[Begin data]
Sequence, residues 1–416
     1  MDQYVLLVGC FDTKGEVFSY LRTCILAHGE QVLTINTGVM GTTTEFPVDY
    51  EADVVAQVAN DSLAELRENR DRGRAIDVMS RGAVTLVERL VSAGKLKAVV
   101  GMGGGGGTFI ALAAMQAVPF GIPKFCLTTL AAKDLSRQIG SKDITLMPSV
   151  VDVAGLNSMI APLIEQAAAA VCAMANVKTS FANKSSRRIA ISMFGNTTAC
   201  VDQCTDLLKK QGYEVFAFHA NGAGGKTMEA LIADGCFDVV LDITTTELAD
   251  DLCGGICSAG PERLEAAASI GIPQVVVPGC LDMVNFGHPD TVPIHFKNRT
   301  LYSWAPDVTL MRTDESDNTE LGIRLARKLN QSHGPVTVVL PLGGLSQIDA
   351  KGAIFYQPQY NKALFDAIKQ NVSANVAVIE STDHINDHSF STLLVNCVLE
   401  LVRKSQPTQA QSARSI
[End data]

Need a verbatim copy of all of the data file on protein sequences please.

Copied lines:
Sequence, residues 1–416
     1  MDQYVLLVGC FDTKGEVFSY LRTCILAHGE QVLTINTGVM GTTTEFPVDY
    51  EADVVAQVAN DSLAELRENR DRGRAIDVMS RGAVTLVERL VSAGKLKAVV
   101  GMGGGGGTFI ALAAMQAVPF GIPKFCLTTL AAKDLSRQIG SKDITLMPSV
   151  VDVAGLNSMI APLIEQAAAA VCAMANVKTS FANKSSRRIA ISMFGNTTAC
   201  VDQCTDLLKK QGYEVFAFHA NGAGGKTMEA LIADGCFDVV LDITTTELAD
   251  DLCGGICSAG PERLEAAASI GIPQVVVPGC LDMVNFGHPD TVPIHFKNRT
   301  LYSWAPDVTL MRTDESDNTE LGIRLARKLN QSHGPVTVVL PLGGLSQIDA
   351  KGAIFYQPQY NKALFDAIKQ NVSANVAVIE STDHINDHSF STLLVNCVLE
   401  LVRKSQPTQA QSARSI